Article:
Photo from "Angelica, Our Kind of Town"


by Eric Sloane

Only fifty years ago, the cutting of natural ice in America was big business but today it has almost vanished. Gone are the huge icehouses, so cavernous that clouds formed inside them and rain fell.  Gone are the itinerant ice cutters, and forgotten their skills; the simple tools of their trade, have already become antique shop items.

The work itself demanded a variety of skills.  Where the ice was covered with snow, the first step was to scrape it off with a horse-drawn snow plane.  Next the area to be "harvested"--in the larger ponds, a huge square six hundred feet on a side--was surveyed and its four boundary lines marked out with a hand cutter.  Then came a cutter with two runners forty-four inches apart; one blade was a guide plane, the other a large-toothed edge which made a preliminary groove two inches deep.  This implement criss-crossed the ice, tracing a gridded pattern on the surface.  It was followed by another twin-bladed cutter that cut more deeply.  Finally came an all-iron ice plow, its blades adjustable to within four inches of the bottom of the ice.  The final cutting was done with hand tools--long bladed saws and long handled spades and fork bars.  Large sections of the six-hundred foot square were cut away, and the men rode them like rafts, dividing them into smaller pieces as they floated toward the icehouse.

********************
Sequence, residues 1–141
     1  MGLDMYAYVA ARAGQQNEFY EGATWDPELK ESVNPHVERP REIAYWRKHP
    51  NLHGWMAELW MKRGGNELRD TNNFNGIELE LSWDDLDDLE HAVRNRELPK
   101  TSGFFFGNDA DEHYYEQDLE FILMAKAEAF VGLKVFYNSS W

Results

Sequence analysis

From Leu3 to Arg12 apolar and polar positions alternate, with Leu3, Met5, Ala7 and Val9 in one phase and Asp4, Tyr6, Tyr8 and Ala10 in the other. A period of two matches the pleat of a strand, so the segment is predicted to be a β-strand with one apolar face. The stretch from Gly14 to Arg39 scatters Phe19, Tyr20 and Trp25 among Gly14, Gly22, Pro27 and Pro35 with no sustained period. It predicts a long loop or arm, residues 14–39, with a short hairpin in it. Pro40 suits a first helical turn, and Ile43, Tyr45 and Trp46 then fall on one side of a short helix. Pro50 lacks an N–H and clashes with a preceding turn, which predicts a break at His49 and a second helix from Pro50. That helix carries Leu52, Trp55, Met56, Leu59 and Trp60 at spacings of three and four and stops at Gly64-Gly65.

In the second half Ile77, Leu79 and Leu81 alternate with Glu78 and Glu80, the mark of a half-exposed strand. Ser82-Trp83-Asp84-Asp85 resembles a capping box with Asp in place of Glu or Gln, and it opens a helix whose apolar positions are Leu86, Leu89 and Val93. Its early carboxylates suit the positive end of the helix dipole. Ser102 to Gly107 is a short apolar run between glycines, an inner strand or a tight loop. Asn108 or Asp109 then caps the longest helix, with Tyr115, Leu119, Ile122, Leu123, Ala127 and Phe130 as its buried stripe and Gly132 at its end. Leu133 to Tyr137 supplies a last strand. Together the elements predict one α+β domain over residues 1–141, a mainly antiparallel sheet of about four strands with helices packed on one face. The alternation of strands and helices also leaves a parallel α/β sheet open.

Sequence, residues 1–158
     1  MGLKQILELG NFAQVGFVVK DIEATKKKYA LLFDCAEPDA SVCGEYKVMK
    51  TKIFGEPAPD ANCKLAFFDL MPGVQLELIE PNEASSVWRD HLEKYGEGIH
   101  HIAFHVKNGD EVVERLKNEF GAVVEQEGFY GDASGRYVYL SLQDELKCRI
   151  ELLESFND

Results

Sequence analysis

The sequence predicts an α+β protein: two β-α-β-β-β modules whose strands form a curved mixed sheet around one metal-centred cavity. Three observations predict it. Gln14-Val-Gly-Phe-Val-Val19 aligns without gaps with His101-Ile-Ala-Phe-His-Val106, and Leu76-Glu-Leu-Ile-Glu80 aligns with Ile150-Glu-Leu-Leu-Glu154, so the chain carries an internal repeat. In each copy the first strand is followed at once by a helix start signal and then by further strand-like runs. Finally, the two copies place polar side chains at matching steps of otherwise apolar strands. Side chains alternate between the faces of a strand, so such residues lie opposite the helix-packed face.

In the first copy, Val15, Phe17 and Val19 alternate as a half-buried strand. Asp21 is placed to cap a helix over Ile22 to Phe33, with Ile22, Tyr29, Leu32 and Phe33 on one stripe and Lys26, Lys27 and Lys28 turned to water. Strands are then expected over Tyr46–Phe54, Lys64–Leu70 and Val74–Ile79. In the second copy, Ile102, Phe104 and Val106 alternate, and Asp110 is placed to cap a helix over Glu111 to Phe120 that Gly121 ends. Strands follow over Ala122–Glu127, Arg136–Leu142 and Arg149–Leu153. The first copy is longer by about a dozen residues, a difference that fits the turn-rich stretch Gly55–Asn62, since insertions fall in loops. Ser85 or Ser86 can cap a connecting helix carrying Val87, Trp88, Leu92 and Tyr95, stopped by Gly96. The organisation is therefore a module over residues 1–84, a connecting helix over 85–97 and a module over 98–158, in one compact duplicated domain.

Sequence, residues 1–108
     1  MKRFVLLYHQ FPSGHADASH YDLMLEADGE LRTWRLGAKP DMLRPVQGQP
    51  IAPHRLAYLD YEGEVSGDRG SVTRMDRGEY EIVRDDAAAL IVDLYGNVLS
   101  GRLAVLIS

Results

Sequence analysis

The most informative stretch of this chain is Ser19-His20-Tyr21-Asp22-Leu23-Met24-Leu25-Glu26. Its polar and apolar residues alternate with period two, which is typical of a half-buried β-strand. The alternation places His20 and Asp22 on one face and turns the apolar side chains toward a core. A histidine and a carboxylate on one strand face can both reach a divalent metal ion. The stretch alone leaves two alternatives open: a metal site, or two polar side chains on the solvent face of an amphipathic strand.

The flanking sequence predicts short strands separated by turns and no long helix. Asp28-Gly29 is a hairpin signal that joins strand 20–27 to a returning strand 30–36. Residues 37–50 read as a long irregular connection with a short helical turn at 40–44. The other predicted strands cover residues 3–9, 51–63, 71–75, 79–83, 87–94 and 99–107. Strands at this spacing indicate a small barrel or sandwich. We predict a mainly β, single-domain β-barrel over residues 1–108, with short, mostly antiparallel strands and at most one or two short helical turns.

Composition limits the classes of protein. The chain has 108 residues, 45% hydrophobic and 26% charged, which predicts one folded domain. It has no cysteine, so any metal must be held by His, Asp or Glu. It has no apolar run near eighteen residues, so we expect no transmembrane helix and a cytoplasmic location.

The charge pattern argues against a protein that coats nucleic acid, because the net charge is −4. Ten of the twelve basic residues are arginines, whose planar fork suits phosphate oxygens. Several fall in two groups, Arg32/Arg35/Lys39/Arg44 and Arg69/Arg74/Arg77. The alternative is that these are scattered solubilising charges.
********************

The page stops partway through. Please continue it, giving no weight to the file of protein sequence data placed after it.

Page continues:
Modern refrigeration killed the natural ice business, of course.  It spelled the doom of the family ice-house as well, but a few of them are left, and the pleasure of using one's own clear pond water for chilling a summer drink has not been entirely lost.  The horses that pulled the plows, planes, and cutters are, alas gone, but the men and boys who work the ponds know the thrill of striking a scored sheet of ice with a chisel that rings in the winter air and cuts clean and sharp.


Photo & Story From "Angelica, Our Kind of Town" , 1990 printed by Sun Publishing Company, Alfred; Written and compiled by Students of Angelica Central School.  "Natural Ice" by Eric Sloane, Excerpted from Aug. 1966 American Heritage.